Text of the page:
By: Eleanor Kedney Schaffer & Peter Schaffer
A semi-feral dog lived at a Tucson Airport parking lot for approximately four years, dumped there when he was young. He was afraid of touch and getting too close to humans. One might see him lying on the asphalt, standing around the front of the lot as the buses pulled in and out, or resting in the shade of covered parking. He kept his distance, but seemed to want the company of people. The shuttle bus drivers fed him, provided water, and made him a make-shift shelter. His name is Fred.
Every time Eleanor and Peter traveled and parked at the lot, they would ask how Fred was doing. On a trip in January 2018, a concerned bus driver said that the owner of the lot wanted Fred gone, by any means necessary, next Monday morning. This was alarming news. While traveling in New Mexico, Eleanor kept wondering what would happen to Fred if she did not get him to a safe place. She hired a trapper, got permission from the manager for his entry into the lot, and Fred was caught. This was a bit traumatic. His eyes bulged and became bloodshot from choking in the trap, and he bit his tongue, which resulted in some bleeding. The trapper took him to a vet where he was sedated, had a brief checkup, and received a rabies shot. He was then transported to an outdoor kennel owned by someone willing to let him stay a few days.
Eleanor had promised the bus drivers that Fred would go to a rescue group or a foster home. She kept reaching out to rescue organizations, but they were full and Fred’s ability to be with other dogs or in a home was unknown. Eleanor and Peter’s dog Charlie was elderly and had cancer. They couldn’t take Fred with the kind of daily care Charlie needed. She hoped to find a place for him and was running out of time. An online networking group suggested contacting Rachel at Sol Dog. Rachel said yes! This was a life-saving and life-changing YES for Fred, and, as it turned out, for Eleanor and Peter, too.
When Fred was brought to Sol Dog, he pancaked on the floor with panic and fear. However, despite all he went through, he never growled or acted aggressively. After spending almost three months at Sol Dog gaining trust and learning basic skills—allowing touch, walking on a leash, going in a car—Fred was ready for placement in an appropriate home. Eleanor tried and tried, but couldn’t find a foster home for Fred, so she and Peter brought Charlie to meet Fred at Sol Dog. Rachel confirmed that the two would be OK with each other and Fred left Sol Dog for a trial long weekend. Eleanor kept searching for a home for Fred but had no luck. She and Peter took him home again. When he was standing in the backyard, and it was clear that Charlie was going to cross over the rainbow bridge soon, Eleanor said to Peter she wanted Charlie to know he had a brother, and for Fred to know he had a home. He agreed. They let Rachel know they were going to adopt Fred. She was so excited!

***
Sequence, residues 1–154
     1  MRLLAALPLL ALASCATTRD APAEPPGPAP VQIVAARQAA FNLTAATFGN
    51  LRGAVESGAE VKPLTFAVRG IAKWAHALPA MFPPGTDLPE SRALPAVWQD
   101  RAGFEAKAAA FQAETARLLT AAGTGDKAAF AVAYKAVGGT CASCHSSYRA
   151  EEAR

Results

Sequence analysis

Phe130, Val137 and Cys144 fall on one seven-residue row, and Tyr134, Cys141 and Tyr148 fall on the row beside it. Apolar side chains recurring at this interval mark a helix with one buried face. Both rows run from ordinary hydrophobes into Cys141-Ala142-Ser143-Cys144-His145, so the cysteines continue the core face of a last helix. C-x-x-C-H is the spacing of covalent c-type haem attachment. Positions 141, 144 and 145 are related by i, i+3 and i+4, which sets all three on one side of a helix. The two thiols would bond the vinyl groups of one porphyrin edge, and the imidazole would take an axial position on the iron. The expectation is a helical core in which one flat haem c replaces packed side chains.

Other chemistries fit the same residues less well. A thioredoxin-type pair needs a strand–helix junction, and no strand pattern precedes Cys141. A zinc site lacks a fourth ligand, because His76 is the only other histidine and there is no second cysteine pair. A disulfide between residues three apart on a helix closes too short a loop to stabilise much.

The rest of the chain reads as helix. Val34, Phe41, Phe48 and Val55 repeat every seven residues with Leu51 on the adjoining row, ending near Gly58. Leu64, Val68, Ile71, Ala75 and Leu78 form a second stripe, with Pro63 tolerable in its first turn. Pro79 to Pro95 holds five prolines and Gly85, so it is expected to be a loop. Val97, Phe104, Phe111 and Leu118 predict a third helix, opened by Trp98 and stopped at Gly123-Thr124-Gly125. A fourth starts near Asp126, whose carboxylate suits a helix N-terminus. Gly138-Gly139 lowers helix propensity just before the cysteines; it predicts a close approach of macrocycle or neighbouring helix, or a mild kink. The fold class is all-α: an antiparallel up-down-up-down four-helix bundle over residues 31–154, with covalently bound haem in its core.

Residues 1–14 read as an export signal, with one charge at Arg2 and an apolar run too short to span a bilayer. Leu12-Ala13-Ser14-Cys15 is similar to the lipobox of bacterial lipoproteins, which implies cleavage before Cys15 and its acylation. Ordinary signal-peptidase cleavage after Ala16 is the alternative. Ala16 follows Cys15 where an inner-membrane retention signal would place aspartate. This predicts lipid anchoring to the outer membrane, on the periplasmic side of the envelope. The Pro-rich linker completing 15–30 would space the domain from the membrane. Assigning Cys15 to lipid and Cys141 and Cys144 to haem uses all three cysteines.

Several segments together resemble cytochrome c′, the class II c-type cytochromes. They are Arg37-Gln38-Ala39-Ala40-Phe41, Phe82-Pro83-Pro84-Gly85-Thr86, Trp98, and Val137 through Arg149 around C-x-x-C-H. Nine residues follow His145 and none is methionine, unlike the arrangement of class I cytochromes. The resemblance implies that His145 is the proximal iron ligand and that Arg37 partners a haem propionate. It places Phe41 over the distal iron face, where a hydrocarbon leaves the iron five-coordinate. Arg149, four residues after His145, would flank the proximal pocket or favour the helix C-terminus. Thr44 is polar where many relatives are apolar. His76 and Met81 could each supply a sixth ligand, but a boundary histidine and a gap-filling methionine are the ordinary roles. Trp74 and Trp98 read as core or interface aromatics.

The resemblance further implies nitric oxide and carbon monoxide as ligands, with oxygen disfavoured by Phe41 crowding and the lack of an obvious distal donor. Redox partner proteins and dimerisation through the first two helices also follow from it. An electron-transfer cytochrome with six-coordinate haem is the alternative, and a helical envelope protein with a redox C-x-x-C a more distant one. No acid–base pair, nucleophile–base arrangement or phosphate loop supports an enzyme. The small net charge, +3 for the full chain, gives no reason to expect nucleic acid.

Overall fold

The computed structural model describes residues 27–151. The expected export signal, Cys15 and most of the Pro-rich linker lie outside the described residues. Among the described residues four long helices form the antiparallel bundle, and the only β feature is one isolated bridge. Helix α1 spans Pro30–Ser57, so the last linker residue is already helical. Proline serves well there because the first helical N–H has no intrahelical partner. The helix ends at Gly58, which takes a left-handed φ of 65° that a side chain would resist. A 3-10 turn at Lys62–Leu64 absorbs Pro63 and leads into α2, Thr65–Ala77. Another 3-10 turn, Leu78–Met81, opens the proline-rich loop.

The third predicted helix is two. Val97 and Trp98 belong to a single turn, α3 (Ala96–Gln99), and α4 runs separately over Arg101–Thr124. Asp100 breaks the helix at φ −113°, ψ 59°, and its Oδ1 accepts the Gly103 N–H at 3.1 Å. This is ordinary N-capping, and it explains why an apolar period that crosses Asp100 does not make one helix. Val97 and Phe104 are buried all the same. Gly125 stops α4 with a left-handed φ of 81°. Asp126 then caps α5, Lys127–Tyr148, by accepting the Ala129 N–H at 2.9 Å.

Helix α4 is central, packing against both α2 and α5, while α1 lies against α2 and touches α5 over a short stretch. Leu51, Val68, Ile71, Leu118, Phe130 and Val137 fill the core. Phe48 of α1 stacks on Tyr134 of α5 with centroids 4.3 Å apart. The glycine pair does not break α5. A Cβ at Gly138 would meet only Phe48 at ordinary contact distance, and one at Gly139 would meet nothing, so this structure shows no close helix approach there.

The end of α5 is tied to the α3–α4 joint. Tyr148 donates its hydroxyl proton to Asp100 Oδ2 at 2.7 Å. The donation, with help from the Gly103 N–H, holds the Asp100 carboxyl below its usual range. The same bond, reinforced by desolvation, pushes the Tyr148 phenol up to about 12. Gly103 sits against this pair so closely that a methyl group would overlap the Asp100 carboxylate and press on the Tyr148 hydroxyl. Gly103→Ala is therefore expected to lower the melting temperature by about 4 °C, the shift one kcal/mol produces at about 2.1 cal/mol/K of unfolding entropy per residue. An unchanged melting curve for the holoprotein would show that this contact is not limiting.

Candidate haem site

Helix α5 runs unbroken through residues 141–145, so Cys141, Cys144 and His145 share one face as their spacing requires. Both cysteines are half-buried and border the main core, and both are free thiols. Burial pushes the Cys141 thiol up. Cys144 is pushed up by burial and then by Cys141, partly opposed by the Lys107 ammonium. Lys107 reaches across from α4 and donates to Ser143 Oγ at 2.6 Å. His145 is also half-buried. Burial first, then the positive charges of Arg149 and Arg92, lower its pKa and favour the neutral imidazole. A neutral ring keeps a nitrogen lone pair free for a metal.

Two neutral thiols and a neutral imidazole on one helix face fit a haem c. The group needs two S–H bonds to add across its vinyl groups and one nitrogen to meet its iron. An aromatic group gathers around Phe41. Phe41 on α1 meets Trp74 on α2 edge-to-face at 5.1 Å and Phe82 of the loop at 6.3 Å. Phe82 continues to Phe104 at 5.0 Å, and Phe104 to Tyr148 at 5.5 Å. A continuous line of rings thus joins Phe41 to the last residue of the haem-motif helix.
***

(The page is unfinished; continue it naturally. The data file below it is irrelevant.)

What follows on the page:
The bus drivers who knew Fred felt he would never be able to live in a home, walk on a leash, allow touch, and become someone’s dog. Fred would prove them wrong. How did the transformation happen? It was Fred’s gentle soul and Rachel’s commitment to help him. She had the knowledge and skills to bring him out of his fear and build a bond with humans. In time, he was able to forge such a bond with Eleanor and Peter, and he learned to trust others.
Eleanor believes that every dog that comes into our lives is here to teach us something. She knew her lesson was to practice patience with Fred and not have expectations. He wasn’t like other dogs she owned—he was special. He was Fred. There were so many “firsts” to celebrate: the first time he wagged his tail, the first time he leaned into Eleanor’s leg with a “hug,” the first time he gave a kiss, his first funny-looking toothy smile when receiving a belly rub, his first excited cry when anticipating a walk. He still has a distance to go—the new experiences of joy, play, and fun can make him anxious. The answer is in the lesson—all things in their own time. That’s love.
For information on training your dog, call 520-345-0075 or go to SolDogLodge.com/contact.